Lasting Powers of Attorney
A Lasting Power of Attorney (LPA) is a legal document that allows you to appoint people to manage your affairs when you no longer can. Independent of a Will, a Lasting Power of Attorney gives you peace of mind that your future is in safe hands.
Contact us today for more information about creating a Lasting Power of Attorney.
How does a Lasting Power of Attorney work?
You can choose several people or a professional. Choose someone you trust to be your ‘attorney’ and decide when you would like them to start acting. Clarke & Wright can even register your Lasting Power of Attorney for you, making the process as straightforward as possible. If you don’t choose this option, you must self-register with the Office of the Public Guardian (OPG) before your document can be used.
The types of Lasting Power of Attorney
There are two types of Lasting Power of Attorney. Depending on your wishes, you may choose one or both. As long as they are over 18, you can choose anyone to act as your attorney. They could be your partner or a trusted friend, but your attorney cannot be bankrupt for a Property and Affairs LPA.
Health and Welfare
Allow your attorney to make decisions about your healthcare, consent to medical treatment and accommodation. Your Attorneys can only use it if you cannot make your own decisions.
Property and Financial Affairs
You are covering decisions surrounding your bills, finances and property. It can include collecting a pension or benefits and even selling your home if necessary.
You can choose when you would like your attorney to have power, now or in the future.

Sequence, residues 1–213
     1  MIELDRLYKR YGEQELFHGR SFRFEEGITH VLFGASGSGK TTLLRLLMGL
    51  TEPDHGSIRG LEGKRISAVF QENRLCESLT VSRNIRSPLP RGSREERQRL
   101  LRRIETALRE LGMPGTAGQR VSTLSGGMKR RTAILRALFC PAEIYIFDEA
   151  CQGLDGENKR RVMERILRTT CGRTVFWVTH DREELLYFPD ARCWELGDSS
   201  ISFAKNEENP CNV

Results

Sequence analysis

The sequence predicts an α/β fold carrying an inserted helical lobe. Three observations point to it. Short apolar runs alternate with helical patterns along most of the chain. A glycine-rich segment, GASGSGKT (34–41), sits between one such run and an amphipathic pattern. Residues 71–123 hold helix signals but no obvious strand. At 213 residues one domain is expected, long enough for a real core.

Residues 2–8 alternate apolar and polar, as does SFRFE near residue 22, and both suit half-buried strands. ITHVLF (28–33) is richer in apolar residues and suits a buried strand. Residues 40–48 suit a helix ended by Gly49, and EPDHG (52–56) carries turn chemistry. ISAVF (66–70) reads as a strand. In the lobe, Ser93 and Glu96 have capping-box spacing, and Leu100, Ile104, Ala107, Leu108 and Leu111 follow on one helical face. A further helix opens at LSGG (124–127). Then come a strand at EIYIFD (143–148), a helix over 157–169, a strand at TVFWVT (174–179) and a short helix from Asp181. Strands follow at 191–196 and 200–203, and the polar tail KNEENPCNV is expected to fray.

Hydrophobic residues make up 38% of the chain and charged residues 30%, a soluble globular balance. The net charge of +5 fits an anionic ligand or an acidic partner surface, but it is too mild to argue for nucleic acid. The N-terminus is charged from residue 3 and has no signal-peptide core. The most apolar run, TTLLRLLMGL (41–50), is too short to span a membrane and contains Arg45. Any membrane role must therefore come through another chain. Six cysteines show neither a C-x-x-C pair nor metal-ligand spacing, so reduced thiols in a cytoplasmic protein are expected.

An attorney’s responsibilities
When making decisions on your behalf, your attorney must follow the rules stated in the Mental Capacity Act:
- They must act in your best interests
- They must consider your past and present wishes
- They can’t take advantage to benefit themselves
- They must keep all of your money separate from their own
If you appoint more than one attorney, they can act:
- Jointly: decisions are always made together
- Jointly and severally: decisions are made together and individually
If your attorney dies and you don’t have a replacement, you must inform the OPG and appoint a new attorney.
What happens without a Lasting Power of Attorney?
If you lose legal capacity and you haven’t set up a Lasting Power of Attorney:
- The courts may appoint someone to manage your financial affairs
- Doctors could over-rule loved ones’ decisions on health matters
- Friends and family may need to go to court to get authority to act on your behalf
- Joint bank accounts could be severely restricted
A person can apply to the Court of Protection to become a ‘Deputy’ of someone who has lost mental capacity. Once authorised, they must send an annual report to explain any decisions they have made as a Deputy.
Save your friends and family worry, time and money in the future by setting up a Lasting Power of Attorney today.
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